And along with the point that the Sox won three WS games at the West Side Grounds in 1906, that means they had to win one at the South Side Grounds. I'd love to see some more photos - the only ones I've seen are grainy and don't show much of the park.

JNS
12-30-2008, 07:27 PM
http://www.historicaerials.com/?poi=3532



South Side Grounds in 1938. Due South of Comiskey by four blocks.

ode to veeck
12-30-2008, 08:10 PM
Another interesting configuration in Chicago is the sharp S turn on the El tracks at North Avenue just east of Halsted (Brown and Purple Line). This happened because when they were building the El in the 1800's the farmers at that location would not sell the right-of-way for the tracks, so the tracks had to go around the farms.

great views of the city from the old ravenswood line, probably the most commonly used section of the El system used for movie shots

roylestillman
12-30-2008, 08:29 PM
Thanks - I'll have to go and check it out.

And even the Cubs played there - it must have been the premier venue in the city. The aerial photo makes it look tiny - not even up to suburban high school standard today.

And along with the point that the Sox won three WS games at the West Side Grounds in 1906, that means they had to win one at the South Side Grounds. I'd love to see some more photos - the only ones I've seen are grainy and don't show much of the park.

OK as long as I'm giving away all my website secrets here's another one

http://memory.loc.gov/ammem/cdnquery.html

This one is the archives of all of the photographs (Actually glass slide negatives) from the archives of the old Chicago Daily News from 1902 -1933. Type in the subject (like White Sox or South Side Park) and hundreds of photos show up. Use the gallery view to save some time.

ode to veeck
12-30-2008, 08:34 PM
OK as long as I'm giving away all my website secrets here's another one

http://memory.loc.gov/ammem/cdnquery.html

This one is the archives of all of the photographs (Actually glass slide negatives) from the archives of the old Chicago Daily News from 1902 -1933. Type in the subject (like White Sox or South Side Park) and hundreds of photos show up. Use the gallery view to save some time.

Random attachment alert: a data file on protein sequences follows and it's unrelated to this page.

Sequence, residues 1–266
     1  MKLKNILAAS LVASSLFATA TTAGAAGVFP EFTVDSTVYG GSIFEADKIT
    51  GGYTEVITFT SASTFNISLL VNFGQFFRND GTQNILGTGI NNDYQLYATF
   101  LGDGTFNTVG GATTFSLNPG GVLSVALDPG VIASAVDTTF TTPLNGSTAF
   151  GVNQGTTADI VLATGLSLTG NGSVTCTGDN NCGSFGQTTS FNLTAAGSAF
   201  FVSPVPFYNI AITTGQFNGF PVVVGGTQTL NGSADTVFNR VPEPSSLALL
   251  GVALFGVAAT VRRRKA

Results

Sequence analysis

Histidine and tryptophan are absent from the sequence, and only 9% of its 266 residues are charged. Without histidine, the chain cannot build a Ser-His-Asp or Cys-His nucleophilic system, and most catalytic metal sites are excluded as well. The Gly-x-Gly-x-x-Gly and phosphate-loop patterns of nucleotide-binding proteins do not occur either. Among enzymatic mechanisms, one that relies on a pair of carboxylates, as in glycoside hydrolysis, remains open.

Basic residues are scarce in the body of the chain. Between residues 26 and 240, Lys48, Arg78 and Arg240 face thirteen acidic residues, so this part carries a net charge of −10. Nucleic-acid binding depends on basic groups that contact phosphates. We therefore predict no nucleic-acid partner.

thats a great one I've had bookmarked for years

ode to veeck
12-30-2008, 08:38 PM
thats a great one I've had bookmarked for years

here's a nice one of the greatest Sox and greatest Tiger players of all time all in the same picture (Collins and Cobb)

http://memory.loc.gov/cgi-bin/query/I?cdn:19:./temp/~ammem_CH6u::displayType=1:m856sd=ichicdn:m856sf=s 065877:@@@

JNS
12-30-2008, 08:55 PM
OK as long as I'm giving away all my website secrets here's another one

http://memory.loc.gov/ammem/cdnquery.html

This one is the archives of all of the photographs (Actually glass slide negatives) from the archives of the old Chicago Daily News from 1902 -1933. Type in the subject (like White Sox or South Side Park) and hundreds of photos show up. Use the gallery view to save some time.

Very cool - many thanks!

slavko
12-31-2008, 12:40 AM
Another interesting configuration in Chicago is the sharp S turn on the El tracks at North Avenue just east of Halsted (Brown and Purple Line). This happened because when they were building the El in the 1800's the farmers at that location would not sell the right-of-way for the tracks, so the tracks had to go around the farms.

Per "The Chicago L" recently written by Greg Borzo, this was the Northwestern Line, built in the 1890's by Charles Yerkes. That segment had to wind its way through a built up section of the city, hence the "S" curve. Per Borzo, the city north of Belmont was sparsely populated and did have some small farms at that time. Fascinating stuff, check out the book.

SoxandtheCityTee
12-31-2008, 01:14 AM
Per "The Chicago L" recently written by Greg Borzo, this was the Northwestern Line, built in the 1890's by Charles Yerkes. That segment had to wind its way through a built up section of the city, hence the "S" curve. Per Borzo, the city north of Belmont was sparsely populated and did have some small farms at that time. Fascinating stuff, check out the book.

A book about the El must be checked out by me. Thanks for mentioning it.

howzer12
01-06-2009, 10:42 PM
If any White Sox fans are unfamiliar with our fun group, SFOD has been in existence since 1988. We meet once per month, usually at a restaurant on the north side of the city. (But not within smelling distance of The Urinal.) Our next meeting takes place on Tuesday evening, 1/13, at 7:00 at Shooter's Restaurant, located at 4538 N. Harlem Avenue in Harwood Heights. If you're interested in connecting with some dye hard Sox fans and heat up the hot stove:angry:, all Sox fans are welcome to attend.
If you haven't had the opportunity to meet "The Human Schedule", you're in for an experience.

VeeckAsInWreck
01-07-2009, 12:53 PM
Seriously everyone, awesome thread. I've had a lot of fun reading people's recollection of the days of old. There's no doubt about the rich history this franchise has with our city. Things happen for a reason and that's why nobody could take the Sox away from us on 3 different occasions.

I've learned so much from this thread! I especially liked how the West Side Grounds plaque explains how the "way out in left field" phrase came about.